• Greater convenience: the MiniMed® 640G offers the additional convenience of a wirelessly connected blood glucose meter. This meter automatically sends blood glucose values to the pump, allowing more accurate Bolus Wizard™ calculations and to deliver insulin boluses discreetly.

Insulin Pump Therapy as a system^: how does the insulin get into the patient’s body?

The insulin pump consists of:

  1. A compartment that holds a reservoir
  2. The reservoir (which is filled with insulin)
  3. From the reservoir, insulin is infused into the patient’s body through an infusion set
  4. The infusion set is inserted into the body and is infused through a tiny flexible tube called a cannula that sits just underneath the skin.

Components of the Insulin Pump Therapy system^

Components of the insulin pump therapy system

Insulin Pump

A durable electronic device that has:

  • Buttons to program insulin and navigate through the menu
  • An LCD colour screen to show the programming
  • A reservoir compartment

Reservoir

This is a plastic cartridge that holds the insulin and is locked into the Insulin Pump. It comes with a transfer guard, the blue piece at the top that is removed before inserting the reservoir into the pump. This assists with pulling the insulin from a vial into the reservoir.

Infusion Set

An infusion set includes a thin tube that goes from the reservoir to the infusion site on the patient’s body. The cannula is inserted with a small needle that is removed after it is in place15. It goes into sites (areas) on the patient’s body, similar to where they would usually inject insulin. The infusion set is changed every two to three days.​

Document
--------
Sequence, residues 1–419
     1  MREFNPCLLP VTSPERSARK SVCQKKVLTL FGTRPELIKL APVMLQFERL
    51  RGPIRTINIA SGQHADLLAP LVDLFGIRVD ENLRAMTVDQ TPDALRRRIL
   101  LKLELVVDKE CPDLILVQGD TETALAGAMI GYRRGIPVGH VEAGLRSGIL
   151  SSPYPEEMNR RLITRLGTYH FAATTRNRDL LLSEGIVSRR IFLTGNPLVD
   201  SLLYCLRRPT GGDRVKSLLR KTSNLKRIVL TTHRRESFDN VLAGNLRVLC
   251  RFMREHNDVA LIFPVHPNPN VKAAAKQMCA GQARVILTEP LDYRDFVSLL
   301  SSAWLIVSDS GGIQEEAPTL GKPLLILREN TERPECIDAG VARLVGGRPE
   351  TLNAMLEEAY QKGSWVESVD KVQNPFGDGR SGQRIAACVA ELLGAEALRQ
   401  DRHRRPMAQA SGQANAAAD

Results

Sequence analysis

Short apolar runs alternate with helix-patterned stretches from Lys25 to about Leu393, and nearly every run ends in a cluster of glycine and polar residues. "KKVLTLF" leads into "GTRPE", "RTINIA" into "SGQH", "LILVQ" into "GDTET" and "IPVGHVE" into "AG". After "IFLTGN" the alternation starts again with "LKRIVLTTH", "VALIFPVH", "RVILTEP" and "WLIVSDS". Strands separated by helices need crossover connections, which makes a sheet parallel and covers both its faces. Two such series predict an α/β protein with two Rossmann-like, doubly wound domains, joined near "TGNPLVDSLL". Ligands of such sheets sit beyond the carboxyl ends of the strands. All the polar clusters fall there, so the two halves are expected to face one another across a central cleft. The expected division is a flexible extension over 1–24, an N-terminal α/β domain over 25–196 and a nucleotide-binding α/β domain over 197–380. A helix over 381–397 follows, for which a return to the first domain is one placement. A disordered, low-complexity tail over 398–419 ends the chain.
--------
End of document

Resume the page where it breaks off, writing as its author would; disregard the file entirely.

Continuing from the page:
Is Insulin Pump Therapy right for your patient?

Insulin Pump Therapy is beneficial for use by children, adolescents and adults who:

  • Have poorly controlled HbA1c
  • Want to improve their HbA1c
  • Want a more flexible therapy
  • Have onset or concerns of long-term complications
  • Experience dawn phenomenon
  • Have needle phobia
  • Have gastroparesis
  • Have more than two severe hypoglycaemic events in the last 6 months
  • Have hypoglycaemia unawareness
  • Have an inconsistent schedule
  • Are pregnant or planning to conceive
  • Problems with glycaemic variability
  • Are not having their needs met by MDI

10. Bode BW, Steed RD, Davidson PC. Reduction in severe hypoglycemia with long-term continuous subcutaneous insulin infusion in Type 1 diabetes. Diabetes Care.1996;19:324-327

11. U.S. Enlite Clinical Study Customer Satisfaction Survey. Data on File. Medtronic MiniMed, Inc., Northridge, CA

12. Bergenstal RM, Tamborlane WV, Ahmann A, et al. The STAR 3 Study Group. Effectiveness of sensor-augmented insulin-pump therapy in Insulin Dependent Diabetes. N Engl J Med. 2010;363(4):311-320.

13. Garg S, Brazg RL, Bailey TS , et al. Reduction in duration of hypoglycemia by automatic suspension of insulin delivery: the in-clinic ASPIRE study. Diabetes Tech Ther. 2012;14(3):205-209.

14. Battelino T et al. The SWITCH Study. Pediatric Diabetes 2011 Diabetologia DOI 10.1007/s00125-012-2708-9 Epub ahead of print and Aspire In-Home

15. Please note, the Sure T-infusion set is a steel cannula and therefore does not have a removable introducer needle.

16. Automated insulin delivery is made possible through combining Medtronic insulin pump and continuous glucose monitoring technology.

^Components sold separately.